Scotty Factor

If you’re reading this, there is a good chance that you do some sort of project work within your job. My blog doesn’t attact a lot of people outside of IT and the typical IT guy is working on project X, Y or Z and sometimes all 3 at the same time. If this isn’t you, I’ll save you some time and you can stop reading now.

Ok, so you are working with your boss and he/she has assigned you a project. Maybe its mapped out with all of the details or if you are like me, you will typically get a broad project goal and its your job to come up with the milestones and timeline.

Its this last part that gets tricky. You don’t want to set the goal line so far out that seems completely unreasonable, but at the same time, you don’t want to underestimate and go on a death march to get the project done on time. That is a recipe for burn out!

So I’m going to let you in on a little secret that I use. This is especially helpful when dealing with sales people as they want to know what it will take and they don’t give a shit what else comes up that delays things. So the simple answer is what I call the Scotty factor.

Here’s an example of the Scotty factor in action…

James T. Kirk: How much refit time before we can take her out again?
Montgomery Scott: Eight weeks, Sir, [Kirk opens his mouth] but ye don’t have eight weeks, so I’ll do it for ye in two.
James T. Kirk: Mr.Scott. Have you always multiplied your repair estimates by a factor of four?
Montgomery Scott: Certainly, Sir. How else can I keep my reputation as a miracle worker?
James T. Kirk: [over the intercom] Your reputation is secure, Scotty.

Time Estimation

So am I saying multiple all your project timelines by 4? Yup, pretty much. I actually use a factor of 3, you might use something higher like 5. There is this philosophy that claims to use 5 and let management beat you down to something more realistic but nothing short of a factor of 2.

The main thing I want to stress here is…you probably suck at time estimation. I would say that 99% of us suck at it and that 1% are just really lucky at guessing. They’ll most likely be waaaaaay off the next time around.

Do yourself a favor and the next time you get a project and think, heck this will only take me a week to knock out, tell your boss 3! Even if you get it done in 1 or 2, you are a shining example of how efficient all employees should be.

Powershell Error checking

Being a programmer by trade, I get thrown into many projects that aren’t always my forte, but I can figure them out and get them working the way that I want.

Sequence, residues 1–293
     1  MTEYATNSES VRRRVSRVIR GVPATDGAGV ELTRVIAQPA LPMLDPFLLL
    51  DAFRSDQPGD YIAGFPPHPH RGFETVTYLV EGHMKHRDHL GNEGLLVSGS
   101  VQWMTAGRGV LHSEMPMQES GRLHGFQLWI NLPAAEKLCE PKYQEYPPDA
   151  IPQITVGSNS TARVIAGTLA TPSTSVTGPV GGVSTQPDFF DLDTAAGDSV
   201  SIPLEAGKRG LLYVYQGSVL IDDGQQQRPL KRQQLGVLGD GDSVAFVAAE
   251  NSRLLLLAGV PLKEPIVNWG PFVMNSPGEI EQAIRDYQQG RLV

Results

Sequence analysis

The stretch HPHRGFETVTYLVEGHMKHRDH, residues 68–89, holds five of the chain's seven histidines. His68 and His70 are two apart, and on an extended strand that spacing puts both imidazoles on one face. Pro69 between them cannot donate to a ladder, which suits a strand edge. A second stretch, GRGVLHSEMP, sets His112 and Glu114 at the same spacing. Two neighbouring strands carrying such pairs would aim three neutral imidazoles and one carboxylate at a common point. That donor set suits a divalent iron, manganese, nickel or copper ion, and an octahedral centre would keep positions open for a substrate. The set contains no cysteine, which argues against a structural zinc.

I’ve been messing with powershell for a while now with VMware, but never really getting into big time scripting with it. Its mainly be something to use to accomplish some various tasks on mutliple hosts. Very little error checking in the scripts since I’m watching them was they run. If I want to put them into a scheduled task or automate them from a web page, more error checking is needed.

Recently, we starting messing around with automation of Exchange 2010 provisioning using Powershell. There are some great cmdlets to accomplish this, but I ran into a particular issue that really bothered me as a programmer and since I spent more than 5 minutes unsuccessfully googling the answer, I figured I’d write this post.

My issue was this, I was attempting to put some wrappers around certain cmdlets to get back whether or not they completed successfully. I hate to be the bearer of bad news, but shit doesn’t always run as you think it would.
I think I found a good way of handling the powershell scripts that do not return a true or false and were causing some false positives.

The issue occurred in the functions such as remove-mailcontact where I would have something along the lines of:

if(remove-mailcontact -identity $ID -Confirm:$false)
{
    "+OK Contact Removed"
}
else
{
    "-ERR Unable to remove contact."
}

This would alway return the -ERR statement.

So now I have expanded upon that and have the following:

Remove-Mailcontact -Identity $ID -Confirm:$false -DomainController $DC -ErrorVariable:err
if($err)
{
    "-ERR Unable to remove contact"
}
else
{
    "+OK Contact Removed"
}

This second method seems to be doing what I want and goes to the appropriate domain controller so I think I’m on the right track…we just need to update the various scripts now. For a little more information on the errorVariable adn other default switches you can pass a cmdlet, check out this blog post from the Microsoft PowerShell Blog.

HMC CreateFolder

Today I had the chance to get back to some code for CreateFolder which creates a public folder within our Exchange 2007 environment support by Microsoft’s Hosted Messaging and Collaboration frame work. I’ve been highly critical of Microsoft’s code before, and today has taken that to a new level.

Here is what I’m dealing with. First, let’s go to the documentation on TechNet:

Pretty clear that we have a few required parameters and a few optional ones to set some quotas. These optional parameters are what will soon drive me to uncontrollable rage.

Next, let’s look at the example directly from the web service. Here’s what it states we can pass:

POST /mpsws/ManagedEmail2007/Service.asmx HTTP/1.1
Host: prov01.bacon.lightedge.com
Content-Type: text/xml; charset=utf-8
Content-Length: length
SOAPAction: "http://provisioning.microsoft.com/webservice/managedemail2007/CreateFolder"

<?xml version="1.0" encoding="utf-8"?>
<soap:Envelope xmlns:xsi="http://www.w3.org/2001/XMLSchema-instance" xmlns:xsd="http://www.w3.org/2001/XMLSchema" xmlns:soap="http://schemas.xmlsoap.org/soap/envelope/">
  <soap:Body>
    <CreateFolder xmlns="http://provisioning.microsoft.com/webservice/managedemail2007">
      <CreateFolderRequest xmlns="http://provisioning.microsoft.com/managedemail2007">
        <Data>
          <organization>string</organization>